Jan Serak: Out of the 106 parent centers, we have to actually report annually on the number and demographics of the families we serve. And last year, there were over 1.4 million, 31% of those were racially, culturally diverse families which is a particular demographic group we’re trying to reach.

Connie Hawkins: One thing that upsets us is when a family says, “Why didn’t I know about you five years ago?” And that’s the universal statement from our parent centers. It does frustrate us when families don’t know about us. But we’re trying and we’re definitely visible. We definitely want families to call with the caveat that we are all independent, family-driven, usually fairly small nonprofits. So like everybody else is doing today, we’re balancing our resources.

Candace Cortiella: Exactly. I think it’s important to point out that the amount of funding that you receive [should probably be] substantially increased in order to increase your capacity to serve families, especially if you use social networking and other technologies to increase your reach. It would be important for you to have the financial resources to do that.

Candace Cortiella: If somebody wants to find a parent center in their state, how do they go about doing that?

Jan Serak: We just launched a fantastic portal website which is a great doorway to the Parent Center Network. The address for that is parentcenternetwork.org. Parents can go to that website and look up any parent center in their own state or anywhere in the country.

The other neat thing about our website is that, if somebody is looking for materials on IEPs for example, the website will search every single one of the websites of all 106 parent centers for that information. So with this portal website, we not only have information from one center but from all of them, accessible at the same time.

Candace Cortiella: This is a wonderful new resource for everyone. I think it’s particularly helpful since one thing that I’ve noticed over the years is that as the centers establish themselves in individual states, they basically come up with their own names. So the names of the centers vary tremendously from state to state and might not be readily recognizable as the federally funded parent centers for parents for students with disabilities. So the new portal is a wonderful way for people to conveniently and quickly find the parent center in their state or community. Do you have any closing thoughts for us today?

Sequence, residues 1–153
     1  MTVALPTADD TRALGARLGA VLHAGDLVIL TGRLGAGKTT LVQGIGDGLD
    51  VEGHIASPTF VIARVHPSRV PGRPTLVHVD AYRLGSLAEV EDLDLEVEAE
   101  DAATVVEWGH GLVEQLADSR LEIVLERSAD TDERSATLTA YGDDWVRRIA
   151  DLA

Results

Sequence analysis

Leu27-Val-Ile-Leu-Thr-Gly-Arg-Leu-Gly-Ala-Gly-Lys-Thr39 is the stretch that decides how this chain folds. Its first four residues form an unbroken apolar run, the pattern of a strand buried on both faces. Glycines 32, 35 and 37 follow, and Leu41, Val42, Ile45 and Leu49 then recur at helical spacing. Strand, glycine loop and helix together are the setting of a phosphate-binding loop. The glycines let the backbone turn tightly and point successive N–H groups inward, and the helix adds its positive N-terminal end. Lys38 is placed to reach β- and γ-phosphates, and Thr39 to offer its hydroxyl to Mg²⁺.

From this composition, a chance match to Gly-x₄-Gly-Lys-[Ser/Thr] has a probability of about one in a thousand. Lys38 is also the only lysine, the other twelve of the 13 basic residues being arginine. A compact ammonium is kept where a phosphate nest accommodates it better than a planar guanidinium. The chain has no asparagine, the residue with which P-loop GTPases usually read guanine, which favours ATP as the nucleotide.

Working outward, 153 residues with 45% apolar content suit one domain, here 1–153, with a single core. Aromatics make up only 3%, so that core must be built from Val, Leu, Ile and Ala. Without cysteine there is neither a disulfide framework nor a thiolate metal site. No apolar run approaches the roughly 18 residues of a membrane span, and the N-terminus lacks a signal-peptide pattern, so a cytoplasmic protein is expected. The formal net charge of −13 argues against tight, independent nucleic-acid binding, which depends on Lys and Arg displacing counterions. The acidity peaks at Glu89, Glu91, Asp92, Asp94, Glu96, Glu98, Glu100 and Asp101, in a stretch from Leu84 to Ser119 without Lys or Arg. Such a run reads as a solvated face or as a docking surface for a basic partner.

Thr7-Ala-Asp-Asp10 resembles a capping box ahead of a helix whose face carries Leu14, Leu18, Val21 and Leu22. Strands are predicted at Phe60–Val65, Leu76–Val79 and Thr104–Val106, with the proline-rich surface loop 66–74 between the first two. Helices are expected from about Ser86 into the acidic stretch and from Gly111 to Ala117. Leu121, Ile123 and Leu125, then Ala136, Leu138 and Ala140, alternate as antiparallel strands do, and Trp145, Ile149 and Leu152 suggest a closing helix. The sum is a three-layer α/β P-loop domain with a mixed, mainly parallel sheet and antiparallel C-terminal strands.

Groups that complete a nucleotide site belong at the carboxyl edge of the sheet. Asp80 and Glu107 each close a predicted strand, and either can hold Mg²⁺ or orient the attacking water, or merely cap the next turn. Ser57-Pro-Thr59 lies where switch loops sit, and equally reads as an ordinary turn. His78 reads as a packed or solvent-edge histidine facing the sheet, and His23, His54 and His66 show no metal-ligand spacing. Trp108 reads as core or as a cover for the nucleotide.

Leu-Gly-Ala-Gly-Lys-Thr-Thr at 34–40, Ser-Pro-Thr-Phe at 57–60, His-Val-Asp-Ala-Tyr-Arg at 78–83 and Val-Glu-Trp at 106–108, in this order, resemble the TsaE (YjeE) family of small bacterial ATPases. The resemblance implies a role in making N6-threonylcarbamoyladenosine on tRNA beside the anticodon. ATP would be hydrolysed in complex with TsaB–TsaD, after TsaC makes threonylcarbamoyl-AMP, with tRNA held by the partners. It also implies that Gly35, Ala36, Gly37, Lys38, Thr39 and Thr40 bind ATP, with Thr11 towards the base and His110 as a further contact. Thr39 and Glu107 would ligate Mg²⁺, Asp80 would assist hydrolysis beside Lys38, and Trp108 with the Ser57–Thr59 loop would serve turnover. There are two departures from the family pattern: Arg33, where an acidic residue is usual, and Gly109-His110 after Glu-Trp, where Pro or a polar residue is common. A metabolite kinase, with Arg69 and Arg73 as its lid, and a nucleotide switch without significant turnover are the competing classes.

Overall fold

Jan Serak: We’re really excited about the opportunity to reach out to others in this way so that they can really learn about what we’re doing and find the parent centers in their areas. Thanks so much for the opportunity to provide this information.

Connie Hawkins: We also want families to know that there’s no such thing as a wrong question or a dumb question. I mean that’s what we’re there for. Most of us at the parent centers are parents ourselves. We can simplify the process by not only answering questions but also by helping families understand and learn how to find the answers for themselves. So we like having calls from families.

Candace Cortiella: Thank you both for joining us today. We appreciate all of the information you’ve shared with us and, most importantly, we appreciate all of your hard work over these many years on behalf of parents of students with disabilities.


This transcription was made possible by a grant from the American Legion Child Welfare Foundation.